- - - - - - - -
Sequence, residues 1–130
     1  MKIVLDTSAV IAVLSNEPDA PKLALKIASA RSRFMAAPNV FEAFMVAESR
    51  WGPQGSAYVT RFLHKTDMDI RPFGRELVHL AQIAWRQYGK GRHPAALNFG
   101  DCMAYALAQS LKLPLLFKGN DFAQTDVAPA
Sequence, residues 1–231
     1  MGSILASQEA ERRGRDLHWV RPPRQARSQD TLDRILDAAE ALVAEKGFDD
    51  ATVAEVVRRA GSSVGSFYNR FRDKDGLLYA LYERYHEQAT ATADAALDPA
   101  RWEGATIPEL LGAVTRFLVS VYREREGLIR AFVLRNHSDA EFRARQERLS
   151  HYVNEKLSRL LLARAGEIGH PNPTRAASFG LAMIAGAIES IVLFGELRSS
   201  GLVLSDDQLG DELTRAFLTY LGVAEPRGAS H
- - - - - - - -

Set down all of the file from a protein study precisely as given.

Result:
Sequence, residues 1–130
     1  MKIVLDTSAV IAVLSNEPDA PKLALKIASA RSRFMAAPNV FEAFMVAESR
    51  WGPQGSAYVT RFLHKTDMDI RPFGRELVHL AQIAWRQYGK GRHPAALNFG
   101  DCMAYALAQS LKLPLLFKGN DFAQTDVAPA
Sequence, residues 1–231
     1  MGSILASQEA ERRGRDLHWV RPPRQARSQD TLDRILDAAE ALVAEKGFDD
    51  ATVAEVVRRA GSSVGSFYNR FRDKDGLLYA LYERYHEQAT ATADAALDPA
   101  RWEGATIPEL LGAVTRFLVS VYREREGLIR AFVLRNHSDA EFRARQERLS
   151  HYVNEKLSRL LLARAGEIGH PNPTRAASFG LAMIAGAIES IVLFGELRSS
   201  GLVLSDDQLG DELTRAFLTY LGVAEPRGAS H